Businesses capitalizing on your FOMO

Jeremiah and I went to Winterlights, an outdoor art installation at the Indianapolis Museum of Art, on Christmas night. When we were there we got in line and started meandering through the various curves and trails.

A group behind us and a group in front of us spent the whole time viewing the lights through their phone screen. If that’s how they prefer to do it, who am I to stop them. But it struck me as vapid and lacking in a sincere experience.

The Museum, for their part, knows this. They’ve increasingly designed exhibits and attractions for the sake of getting lots of photos on Instagram. While I was there and impressed with the work, labor, and creativity of the installers to wrap every tree and bush in thousands of lights, others were there merely to show off to their friends that they were there. That Fear of Missing Out (FOMO) is big business for the museum.

There’s a chapter in my book, What Does Your Website Do All Day about social media. Specifically Instagram:

“So, what do you know about how to increase the number of followers on our Instagram?” He said as he walked in our door.

I peeked my head around my monitor. “Well, are you between the age of 18-35, have great teeth, look fantastic with your shirt off, and can be funny on camera?”

He stopped for a second and thought. “No, I don’t guess so.”

“Maybe try LinkedIn then,” I said.

Then he chuckled and asked for more specifics.

It’s the most annoying question people ask me. “How do I get more followers?”

I wonder, “Why do you care? No one will use InstaFaceGram in ten years.” Facebook’s privacy problems and demand for growth will be a problem in three years if not three weeks. Twitter’s already losing money hand over fist. Facebook owns Instagram. And the new hotness, Snapchat, is a slick way for teens to send nude pictures under the guise of “security” because the photos “disappear”.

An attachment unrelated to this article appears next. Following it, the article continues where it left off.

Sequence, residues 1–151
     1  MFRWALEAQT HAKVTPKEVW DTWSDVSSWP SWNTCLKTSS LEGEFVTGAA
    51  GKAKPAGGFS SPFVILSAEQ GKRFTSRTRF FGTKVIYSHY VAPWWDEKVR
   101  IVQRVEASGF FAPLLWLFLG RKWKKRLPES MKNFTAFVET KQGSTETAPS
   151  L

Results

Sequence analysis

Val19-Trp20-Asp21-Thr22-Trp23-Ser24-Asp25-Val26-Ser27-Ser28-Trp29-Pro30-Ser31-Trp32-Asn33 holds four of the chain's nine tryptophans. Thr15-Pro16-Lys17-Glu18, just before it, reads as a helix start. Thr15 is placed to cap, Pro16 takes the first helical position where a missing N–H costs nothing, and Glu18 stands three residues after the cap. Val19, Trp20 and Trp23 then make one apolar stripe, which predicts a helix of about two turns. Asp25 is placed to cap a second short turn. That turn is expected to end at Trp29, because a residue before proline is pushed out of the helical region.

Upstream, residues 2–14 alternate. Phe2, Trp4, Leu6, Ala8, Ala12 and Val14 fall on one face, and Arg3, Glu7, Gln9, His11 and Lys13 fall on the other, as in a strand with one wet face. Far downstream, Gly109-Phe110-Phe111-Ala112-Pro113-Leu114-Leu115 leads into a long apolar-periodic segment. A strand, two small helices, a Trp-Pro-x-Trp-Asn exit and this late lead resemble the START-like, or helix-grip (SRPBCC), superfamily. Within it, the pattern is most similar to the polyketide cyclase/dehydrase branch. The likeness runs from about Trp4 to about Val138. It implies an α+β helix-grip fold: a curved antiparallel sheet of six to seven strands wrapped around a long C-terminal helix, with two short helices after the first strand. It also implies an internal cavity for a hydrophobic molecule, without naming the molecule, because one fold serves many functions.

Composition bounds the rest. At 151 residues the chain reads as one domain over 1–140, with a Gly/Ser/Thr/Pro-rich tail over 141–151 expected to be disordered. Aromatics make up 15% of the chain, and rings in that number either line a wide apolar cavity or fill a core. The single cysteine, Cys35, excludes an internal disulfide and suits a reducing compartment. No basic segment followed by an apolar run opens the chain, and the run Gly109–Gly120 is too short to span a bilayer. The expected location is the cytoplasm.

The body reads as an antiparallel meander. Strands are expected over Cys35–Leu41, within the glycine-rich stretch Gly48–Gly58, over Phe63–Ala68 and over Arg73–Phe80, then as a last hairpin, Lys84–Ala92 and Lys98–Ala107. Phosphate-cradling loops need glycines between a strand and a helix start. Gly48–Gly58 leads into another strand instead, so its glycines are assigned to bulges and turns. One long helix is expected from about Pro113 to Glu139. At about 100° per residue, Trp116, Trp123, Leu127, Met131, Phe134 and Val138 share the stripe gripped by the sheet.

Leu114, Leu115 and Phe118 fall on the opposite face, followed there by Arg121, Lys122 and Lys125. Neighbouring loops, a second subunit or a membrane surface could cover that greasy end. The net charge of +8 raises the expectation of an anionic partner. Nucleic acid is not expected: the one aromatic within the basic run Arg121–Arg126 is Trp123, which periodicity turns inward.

Because, honestly, what are each of them for? No one goes to Facebook to buy batteries or detergent or book a wedding band or find a doctor. When kids complain Facebook’s no good because everyone’s there, it’s really code for “I can’t post my shirtless selfies in front of grandma.”

Since it was cold, no one was posting their thotty pics that night. But the moment was surely lost on people who, despite being there with friends and family, only focused their attention on capturing a photo of every flashy, pretty thing.

In the end, did they really capture anything at all? The museum did — and to their credit, it works well in their favor for now. But long-term, it seems like a limb far out from the tree for a distinguished museum to hitch their name to.

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Photo of Justin Harter


Justin has been around the Internet long enough to remember when people started saying “content is king”.

He has worked for some of Indiana’s largest companies, state government, taught college-level courses, and about 1.1M people see his work every year.

You’ll probably see him around Indianapolis on a bicycle.

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